Thanks to Google those who have had a curse put on them can find numerous ways to lift it: from drinking a special potion on the first night of the waxing moon to repeating a certain incantation 13 times while holding a rabbit’s foot. (Here, here and here for useful sources.) But Google is not nearly so helpful for policymakers looking to lift the resource curse: the corruption, violence, and misgovernment that befall a poor country with plentiful quantities of hydrocarbons or other natural resources.
The best Google does for them is tout the Extractive Industry Transparency Initiative, a voluntary compact where the government agrees to disclose the monies it receives from the companies that produce its resource and the companies agree to report the monies they pay government. As the 300,000 plus “hits” on EITI in Google explain, the theory is that civil society will use the disclosures to hold government and the companies accountable. Unfortunately for the policymaker looking for solutions to the resource curse, Google will also pull up a long list of studies (here and here for examples) showing that so far it has had little to no effect on corruption and governance in resource rich poor countries and that at best the relief it promises is many years away.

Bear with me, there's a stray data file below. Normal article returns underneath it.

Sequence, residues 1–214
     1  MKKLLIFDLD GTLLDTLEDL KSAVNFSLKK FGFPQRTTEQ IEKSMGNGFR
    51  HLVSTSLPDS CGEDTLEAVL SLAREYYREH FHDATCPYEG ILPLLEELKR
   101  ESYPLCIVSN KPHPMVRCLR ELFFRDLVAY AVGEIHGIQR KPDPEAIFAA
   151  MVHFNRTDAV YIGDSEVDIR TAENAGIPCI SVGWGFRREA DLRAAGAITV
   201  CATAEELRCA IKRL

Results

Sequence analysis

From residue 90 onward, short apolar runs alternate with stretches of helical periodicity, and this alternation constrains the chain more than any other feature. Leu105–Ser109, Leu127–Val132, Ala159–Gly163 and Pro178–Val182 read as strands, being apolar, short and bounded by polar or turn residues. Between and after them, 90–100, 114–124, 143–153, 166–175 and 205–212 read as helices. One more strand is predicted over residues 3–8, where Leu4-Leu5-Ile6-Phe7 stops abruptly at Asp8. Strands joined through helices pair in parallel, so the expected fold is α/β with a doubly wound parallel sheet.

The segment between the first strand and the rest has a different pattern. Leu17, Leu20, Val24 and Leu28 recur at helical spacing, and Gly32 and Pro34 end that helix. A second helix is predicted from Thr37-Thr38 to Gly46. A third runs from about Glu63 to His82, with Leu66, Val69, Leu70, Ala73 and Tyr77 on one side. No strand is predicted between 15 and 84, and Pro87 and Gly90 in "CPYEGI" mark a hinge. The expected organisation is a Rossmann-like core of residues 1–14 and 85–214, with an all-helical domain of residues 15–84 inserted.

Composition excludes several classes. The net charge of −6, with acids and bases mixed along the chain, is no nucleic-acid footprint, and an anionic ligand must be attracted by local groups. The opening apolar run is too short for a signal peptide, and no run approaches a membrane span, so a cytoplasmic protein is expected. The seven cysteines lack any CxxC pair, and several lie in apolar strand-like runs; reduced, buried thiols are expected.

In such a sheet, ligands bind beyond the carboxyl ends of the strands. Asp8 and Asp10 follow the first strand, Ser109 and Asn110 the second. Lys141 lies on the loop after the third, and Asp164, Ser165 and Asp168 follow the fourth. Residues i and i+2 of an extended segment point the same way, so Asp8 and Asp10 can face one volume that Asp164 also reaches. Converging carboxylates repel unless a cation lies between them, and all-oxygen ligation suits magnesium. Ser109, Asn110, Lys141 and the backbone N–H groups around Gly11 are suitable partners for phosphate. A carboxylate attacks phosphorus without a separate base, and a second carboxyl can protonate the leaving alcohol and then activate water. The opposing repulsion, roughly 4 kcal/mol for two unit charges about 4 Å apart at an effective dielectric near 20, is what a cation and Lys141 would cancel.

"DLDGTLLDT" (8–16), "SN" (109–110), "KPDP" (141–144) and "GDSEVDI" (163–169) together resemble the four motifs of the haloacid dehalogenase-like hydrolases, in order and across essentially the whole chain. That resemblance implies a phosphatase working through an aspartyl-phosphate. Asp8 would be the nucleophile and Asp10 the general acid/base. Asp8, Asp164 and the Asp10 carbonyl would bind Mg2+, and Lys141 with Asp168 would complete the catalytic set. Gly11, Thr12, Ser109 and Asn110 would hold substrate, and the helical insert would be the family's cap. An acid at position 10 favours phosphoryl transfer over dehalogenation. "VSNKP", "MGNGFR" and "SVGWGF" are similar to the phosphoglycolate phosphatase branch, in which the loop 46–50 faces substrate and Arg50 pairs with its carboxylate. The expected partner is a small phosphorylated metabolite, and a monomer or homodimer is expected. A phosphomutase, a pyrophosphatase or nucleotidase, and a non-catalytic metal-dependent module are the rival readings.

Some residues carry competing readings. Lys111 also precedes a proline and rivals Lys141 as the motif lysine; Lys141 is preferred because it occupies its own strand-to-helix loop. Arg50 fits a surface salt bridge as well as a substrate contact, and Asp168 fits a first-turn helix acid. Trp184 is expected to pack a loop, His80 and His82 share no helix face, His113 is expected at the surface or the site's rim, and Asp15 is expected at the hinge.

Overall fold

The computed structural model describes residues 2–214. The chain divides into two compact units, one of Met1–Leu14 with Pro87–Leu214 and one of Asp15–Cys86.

With this post I hope to persuade Google’s powers that be to modify the search algorithm so that when a user enters “resource curse – how to lift” something besides “EITI” is returned. That something is Continue reading